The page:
Thousands of Ontario education workers participated in a mass walkout Friday

Ontario’s education workers walked off the job Friday despite legislation passed at Queen’s Park that made a strike illegal.

The Canadian Union of Public Employees (CUPE), which represents 55,000 support workers such as custodians, administrative staff and educational support workers, said they will strike “until further notice,” insinuating that the strike will persist.

The government passed legislation Thursday to impose a four-year contract on education workers that bars them from striking. As part of the bill, workers could face a daily fine of up to $4,000 while the union could be slapped with a $500,000 fine.

If the maximum penalty is imposed, the daily bill could amount to $220 million per day.

These are the top moments from Friday’s job action: 

7 p.m.

The Ontario Labour Relations Board hearing is ongoing, as no decision has been made on the legality of the walkout.

4 p.m.

Prime Minister Justin Trudeau said he spoke to unions Friday morning and that his government is looking at “all options.”

“It is a very, very serious thing to suspend people’s rights and freedoms,” Trudeau said while in Toronto.”The pre-emptive use of the notwithstanding clause is actually an attack on people’s fundamental rights.”

3:30 p.m.

The Ontario government attended a hearing at the Ontario Labour Relations Board, arguing CUPE and the Ontario School Board Council of Unions (OSBCU) “called or authorized or threatened to call or authorize an unlawful strike.”

The hearing was livestreamed here.

2:30 p.m.

In photos: Ontario Education workers protest at Queen’s Park.

1:54 p.m.

Police estimated the crowd size outside of Queen’s Park was between 8,000 to 10,000 people, according to CTV National News’ Heather Butts.

1:43 p.m.

In documents obtained by CTV News Toronto, Lecce called out union leaders who he said “counselled, procured, supported, authorized, threatened, or encouraged an unlawful strike.”

He named Laura Walton, president of CUPE’s Ontario School Board Council of Unions, and Fred Hahn, the president of CUPE Ontario, in particular.

The minister also alleged that the union “called or authorized or threatened to call or authorize” the strike on Friday.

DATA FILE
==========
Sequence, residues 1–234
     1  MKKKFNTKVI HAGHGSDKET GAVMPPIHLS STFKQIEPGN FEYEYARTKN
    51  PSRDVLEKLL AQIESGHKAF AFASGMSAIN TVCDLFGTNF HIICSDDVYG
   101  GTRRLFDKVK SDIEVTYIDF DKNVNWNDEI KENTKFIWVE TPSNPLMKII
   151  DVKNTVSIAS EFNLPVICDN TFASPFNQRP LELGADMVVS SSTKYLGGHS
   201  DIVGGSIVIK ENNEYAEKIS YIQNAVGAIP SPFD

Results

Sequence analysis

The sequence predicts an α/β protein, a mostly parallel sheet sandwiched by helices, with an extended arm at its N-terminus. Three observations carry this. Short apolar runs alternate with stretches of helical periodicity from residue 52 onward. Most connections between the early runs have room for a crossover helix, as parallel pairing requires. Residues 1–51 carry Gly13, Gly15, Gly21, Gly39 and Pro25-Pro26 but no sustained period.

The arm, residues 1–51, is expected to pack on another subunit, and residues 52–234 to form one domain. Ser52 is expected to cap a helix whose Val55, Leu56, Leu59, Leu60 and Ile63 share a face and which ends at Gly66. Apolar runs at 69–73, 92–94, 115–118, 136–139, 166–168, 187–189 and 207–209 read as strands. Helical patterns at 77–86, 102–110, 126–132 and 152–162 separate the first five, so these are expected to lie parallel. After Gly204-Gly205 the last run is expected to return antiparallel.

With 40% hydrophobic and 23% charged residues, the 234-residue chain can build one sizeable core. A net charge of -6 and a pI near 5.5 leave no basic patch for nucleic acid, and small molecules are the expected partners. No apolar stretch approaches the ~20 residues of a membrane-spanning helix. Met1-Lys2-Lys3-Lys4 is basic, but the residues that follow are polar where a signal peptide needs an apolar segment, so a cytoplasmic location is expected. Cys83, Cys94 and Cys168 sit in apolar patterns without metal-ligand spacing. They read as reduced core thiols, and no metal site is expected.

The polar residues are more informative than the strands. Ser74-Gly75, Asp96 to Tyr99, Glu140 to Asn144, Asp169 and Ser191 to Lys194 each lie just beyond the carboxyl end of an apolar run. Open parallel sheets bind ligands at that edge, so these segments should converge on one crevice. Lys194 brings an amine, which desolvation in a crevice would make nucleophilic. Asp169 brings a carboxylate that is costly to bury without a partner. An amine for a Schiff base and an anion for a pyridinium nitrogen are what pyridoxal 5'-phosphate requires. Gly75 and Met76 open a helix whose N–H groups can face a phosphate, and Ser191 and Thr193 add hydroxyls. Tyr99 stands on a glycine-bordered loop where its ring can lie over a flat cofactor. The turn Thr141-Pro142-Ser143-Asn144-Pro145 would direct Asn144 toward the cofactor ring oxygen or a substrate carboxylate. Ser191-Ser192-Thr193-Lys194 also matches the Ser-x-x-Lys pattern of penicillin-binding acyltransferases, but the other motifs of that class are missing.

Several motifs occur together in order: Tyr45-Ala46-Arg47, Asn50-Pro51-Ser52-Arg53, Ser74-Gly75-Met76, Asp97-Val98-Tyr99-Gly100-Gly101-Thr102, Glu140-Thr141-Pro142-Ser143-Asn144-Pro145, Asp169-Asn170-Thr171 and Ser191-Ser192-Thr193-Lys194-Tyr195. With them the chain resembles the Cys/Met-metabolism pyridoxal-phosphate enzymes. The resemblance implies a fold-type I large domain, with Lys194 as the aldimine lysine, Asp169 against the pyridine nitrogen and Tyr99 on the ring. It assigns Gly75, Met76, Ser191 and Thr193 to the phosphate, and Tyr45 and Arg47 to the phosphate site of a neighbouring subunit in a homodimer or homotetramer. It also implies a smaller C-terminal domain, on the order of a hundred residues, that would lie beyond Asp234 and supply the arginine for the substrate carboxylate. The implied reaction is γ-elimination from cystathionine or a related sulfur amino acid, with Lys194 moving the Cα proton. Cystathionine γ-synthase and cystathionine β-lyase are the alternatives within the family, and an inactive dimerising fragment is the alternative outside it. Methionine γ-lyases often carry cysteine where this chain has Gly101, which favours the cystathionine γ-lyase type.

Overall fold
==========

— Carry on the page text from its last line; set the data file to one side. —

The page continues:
1:20 p.m.

CTV News Toronto captured the scene above Queen’s Park as the mass walkout took place.

qp from above

1:10 p.m.

Mark Hancock, CUPE’s national president, said the union will have legal representation at the hearing Friday afternoon.

“There was an initial labour board hearing last night. There will be another one at 3:30 p.m. today,” he told CTV News Toronto.

“CUPE’s legal counsel will be there to argue for our members’ right to protest the Ford government’s unconstitutional law, which strips workers of their fundamental rights.”

12:54 p.m.

CUPE workers and supporters set up pickets near MPPs’ offices in Waterloo, Kitchener and Cambridge.

12:24 p.m.

Lecce elaborated on the next steps for the provincial government as they called on the Ontario Labour Relations Board to officially declare the walkout illegal.

“We brought forward the submission to the internal Labour Relations Board yesterday, frankly, after the passage of the law given that the union confirmed that they’re proceeding now with this illegal strike,” Lecce told CP24.

“We hope to hear back today or tomorrow potentially, on the findings. In the meantime, we’re going to be using all the pressures and frankly, all the levers of the legislation to get kids back to school. We’ve set out a clear expectation to our school boards to use every power, every authority to open as many schools for as many kids as humanly possible.” 

12:05 p.m. 

Lecce asked the Ontario Labour Relations Board to declare the strike and the actions of union leaders illegal. The Ministry of Education said there will be a public hearing livestreamed at 3:30 p.m.

11:45 a.m.

Unifor announced they are donating $100,000 to help striking CUPE education workers hit by government fines.

“The national union and the ORC will each donate $50,000, for a total of $100,000 to CUPE’s strike support for paying fines imposed because of the strikebreaking Bill 28, the law passed on November 3, 2022, that strips education workers of their Charter-protected right to strike and which imposed an undemocratic contract,” the union said in a news release. 

11:10 a.m.

Ontario Secondary School Teachers’ Federation (OSSTF/FEESO), which protested Friday in solidarity with CUPE, issued the following statement in response to the Ford government using the notwithstanding clause to pass anti-strike legislation on Thursday: 

10:52 a.m.

Bird said behind the scenes planning at the TDSB were ongoing in order to quickly transition students into “synchronous” learning, if needed.

“If job action does continue into next week, we will be moving as quickly as we can to synchronous live classroom remote learning, obviously, the fastest we can,” he told CP24.